Brochures, BBQ, and billboards

We’ve been home from our nine-day, 30th anniversary trip-of-a-lifetime for 12 days now, and I have been absolutely itching to blog. However, as you know, I am never bored, there’s been quite a bit going on recently, and I’ve just not had made the time to write. But my reward for completing a certain part of today’s to-do list is to blog, so at long last here goes the next installment of our trip!

Having completed our two super tours of Mammoth Cave, having obtained our requisite “black bar” national park brochure (Katie, who lives in Virginia, a state FULL of national parks and monuments, started aggressively collecting these brochures a few years ago; I already had in our filing cabinet a handful of them I’d picked up in the Dark Ages, but I’ve just officially re-started the habit in the past couple years),

Mammoth Cave brochure.jpg

and having driven to and then walked the 0.4 mile loop boardwalk trail around Sloan’s Crossing Pond, we were hungry and more than ready for a tasty BBQ lunch at the Porky Pig Diner, which we had previously noted was open till 3:00 PM on Sundays. On the way, we once again saw those mysterious Cedar Sink Road Pig signs, one of which was in sight of the diner itself. We parked, stretched our legs, and walked to the door.

The Porky Pig Diner sits alone at a crossroads in rural Kentucky. It has a gravel parking lot, in which were several cars, and a glass door, through which we could see folks inside sitting and talking at several tables. It was 2:40 PM, and our mouths were watering. Scott reached to open the door for me, but even before he touched it, an older woman – she had to be at least 60 – pushed it open from inside and said loudly and firmly, “We’re CLOSED.” Scott said, “But it’s only 2:40, and…” and she cut him off with an even more emphatic “We’re CLOSED.” There was no arguing with the lady, so, disappointed, we turned and drove away. Clearly the Porky Pig Diner doesn’t need (or want?) any additional tourist dollars, care deeply about customer service, or feel an obligation to adhere to its stated hours of operation!

That said, I still have a soft spot in my heart for a small business owner who makes her own decisions and refuses to be controlled by others. Long live that independent, conservative spirit! That Sunday afternoon those folks in the diner were probably ready to go home and watch a football game or go fishing or play with their grandchildren or take a nap. Our luncheon loss, but more power to them.

We then took the scenic route back to the highway – VERY scenic and fun! – and at long last ended up in Glasgow, KY where, in desperation we ended up buying White Castles to go. This was a throw-back to my childhood; White Castles are called “sliders” now, and yes, I did eat and thoroughly enjoy not one, not two, not even three, but five of them. (They’re small.) From there we traveled the lovely Cumberland Parkway toward Somerset.

Scott and I do have a definite driving rhythm, developed some fifteen years ago when we were driving 45 minutes one way to church every Sunday. Scott likes to use his time in the car to accomplish something, be it reading the Bible (which is what he did back in the day), working/researching on his computer, keeping up with the Red Sox on his phone, planning ministry activities, or dealing with issues related to our vacation rental house business. I like to drive, and since I’m more comfortable in the driver’s seat than in the passenger’s, I do most of the long-distance driving while he does the in-town part. [I never have understood why he feels compelled to take over driving once we get into a town. Maybe he doesn’t trust me? He used to do this on the rare occasions when we ate lunch out after church in Springfield. He insisted on driving us from the church to the restaurant, but then wanted me to drive the 35 minutes home on the freeway.] In any case, these default settings worked really well for us on this trip, with the result that until we actually got where we were going, he was in the Bible or on a device and I was driving.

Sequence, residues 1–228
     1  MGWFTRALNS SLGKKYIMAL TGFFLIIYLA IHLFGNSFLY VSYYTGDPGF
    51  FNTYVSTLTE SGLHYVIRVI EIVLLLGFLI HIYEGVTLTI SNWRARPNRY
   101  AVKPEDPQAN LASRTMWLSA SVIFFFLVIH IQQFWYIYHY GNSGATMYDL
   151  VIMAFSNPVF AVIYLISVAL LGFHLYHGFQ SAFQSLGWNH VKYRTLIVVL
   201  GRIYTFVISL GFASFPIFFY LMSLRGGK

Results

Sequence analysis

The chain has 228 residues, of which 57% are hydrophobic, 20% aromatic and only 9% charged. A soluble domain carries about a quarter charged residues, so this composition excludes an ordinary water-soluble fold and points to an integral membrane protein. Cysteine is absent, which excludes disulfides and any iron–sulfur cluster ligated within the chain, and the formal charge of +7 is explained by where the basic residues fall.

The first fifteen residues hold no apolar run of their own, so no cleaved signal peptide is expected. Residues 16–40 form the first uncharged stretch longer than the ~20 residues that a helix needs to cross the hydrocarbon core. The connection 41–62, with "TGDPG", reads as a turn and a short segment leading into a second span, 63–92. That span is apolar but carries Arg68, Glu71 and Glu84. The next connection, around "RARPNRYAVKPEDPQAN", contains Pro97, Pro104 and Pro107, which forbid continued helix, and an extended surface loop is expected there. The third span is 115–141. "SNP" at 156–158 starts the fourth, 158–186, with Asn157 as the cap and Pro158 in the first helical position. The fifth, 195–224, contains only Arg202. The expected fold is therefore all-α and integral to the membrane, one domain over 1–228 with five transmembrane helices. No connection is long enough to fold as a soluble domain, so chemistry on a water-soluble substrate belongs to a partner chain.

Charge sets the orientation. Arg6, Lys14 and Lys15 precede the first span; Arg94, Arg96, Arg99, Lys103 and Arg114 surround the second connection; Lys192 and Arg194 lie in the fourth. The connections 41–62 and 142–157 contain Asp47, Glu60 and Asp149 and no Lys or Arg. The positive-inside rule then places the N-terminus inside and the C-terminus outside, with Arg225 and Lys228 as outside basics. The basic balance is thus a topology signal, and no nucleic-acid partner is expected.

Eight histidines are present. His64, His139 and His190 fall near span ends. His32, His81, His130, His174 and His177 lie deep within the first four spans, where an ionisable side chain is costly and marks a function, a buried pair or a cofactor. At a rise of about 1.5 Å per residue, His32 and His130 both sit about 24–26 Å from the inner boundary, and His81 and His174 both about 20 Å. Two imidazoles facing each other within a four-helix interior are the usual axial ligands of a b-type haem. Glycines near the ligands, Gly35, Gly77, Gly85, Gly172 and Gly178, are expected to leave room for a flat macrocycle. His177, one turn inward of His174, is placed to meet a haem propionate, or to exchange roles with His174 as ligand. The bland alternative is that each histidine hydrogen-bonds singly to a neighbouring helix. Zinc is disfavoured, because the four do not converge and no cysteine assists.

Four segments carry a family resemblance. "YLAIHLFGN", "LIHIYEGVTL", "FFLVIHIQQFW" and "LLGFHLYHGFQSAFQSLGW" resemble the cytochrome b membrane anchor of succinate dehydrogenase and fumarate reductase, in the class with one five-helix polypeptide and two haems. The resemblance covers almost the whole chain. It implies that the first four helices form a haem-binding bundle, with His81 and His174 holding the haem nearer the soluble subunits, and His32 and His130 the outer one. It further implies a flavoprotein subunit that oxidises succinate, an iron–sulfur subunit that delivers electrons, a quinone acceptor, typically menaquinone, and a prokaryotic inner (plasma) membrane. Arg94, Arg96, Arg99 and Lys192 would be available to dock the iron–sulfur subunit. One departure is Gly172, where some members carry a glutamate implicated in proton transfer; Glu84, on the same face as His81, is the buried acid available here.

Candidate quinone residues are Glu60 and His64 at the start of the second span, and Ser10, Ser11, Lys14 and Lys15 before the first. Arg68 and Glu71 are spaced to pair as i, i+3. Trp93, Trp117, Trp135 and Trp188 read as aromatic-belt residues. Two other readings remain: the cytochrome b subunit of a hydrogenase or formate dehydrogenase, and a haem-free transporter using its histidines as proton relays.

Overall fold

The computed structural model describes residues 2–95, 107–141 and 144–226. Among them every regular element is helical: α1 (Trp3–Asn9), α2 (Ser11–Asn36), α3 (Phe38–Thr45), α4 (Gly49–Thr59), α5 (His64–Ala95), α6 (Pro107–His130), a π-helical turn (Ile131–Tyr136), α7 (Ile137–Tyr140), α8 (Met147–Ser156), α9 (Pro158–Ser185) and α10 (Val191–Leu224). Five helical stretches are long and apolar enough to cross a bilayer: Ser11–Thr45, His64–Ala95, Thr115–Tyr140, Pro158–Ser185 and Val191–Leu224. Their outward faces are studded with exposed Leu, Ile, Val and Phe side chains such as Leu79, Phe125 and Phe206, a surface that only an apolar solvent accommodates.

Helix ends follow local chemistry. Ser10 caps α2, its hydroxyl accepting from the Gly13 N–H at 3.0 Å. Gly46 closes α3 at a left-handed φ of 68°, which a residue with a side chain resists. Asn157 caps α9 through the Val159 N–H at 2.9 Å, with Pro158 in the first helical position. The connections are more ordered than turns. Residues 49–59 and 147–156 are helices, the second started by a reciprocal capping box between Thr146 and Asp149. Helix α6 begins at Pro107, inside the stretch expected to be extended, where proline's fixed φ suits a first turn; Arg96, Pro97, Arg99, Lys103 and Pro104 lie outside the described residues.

Oh, now I also remember this: Scott had gotten banged around playing basketball the week before, and he had a hip that was much happier in the passenger seat; that was another reason I was the one behind the wheel on the Cumberland Parkway.

Now, this particular highway was interesting to me. For one thing, although it looks and feels like an interstate, it didn’t seem to have a highway number. (?!?!?) I guessed at the time – and later confirmed my hunch – that although this is no longer the case, it was originally a toll road. And as is usually the case with toll roads, the Cumberland Parkway has NO billboards. I mean zero, zilcho, nada, not one. The rolling countryside is lovely, and it’s nice to not have a lot of junky signs all over (think Branson), but with some 80 miles of billboard-less pavement, I was beginning to get bored and sleepy. As I told Scott, you can’t play the alphabet game on the Cumberland Parkway!

And the Cumberland Parkway wasn’t even the most direct route from Mammoth Cave to Townsend, TN, but it was the best way to get to Somerset, KY, a city where we were determined to accomplish a special mission.

To be continued…

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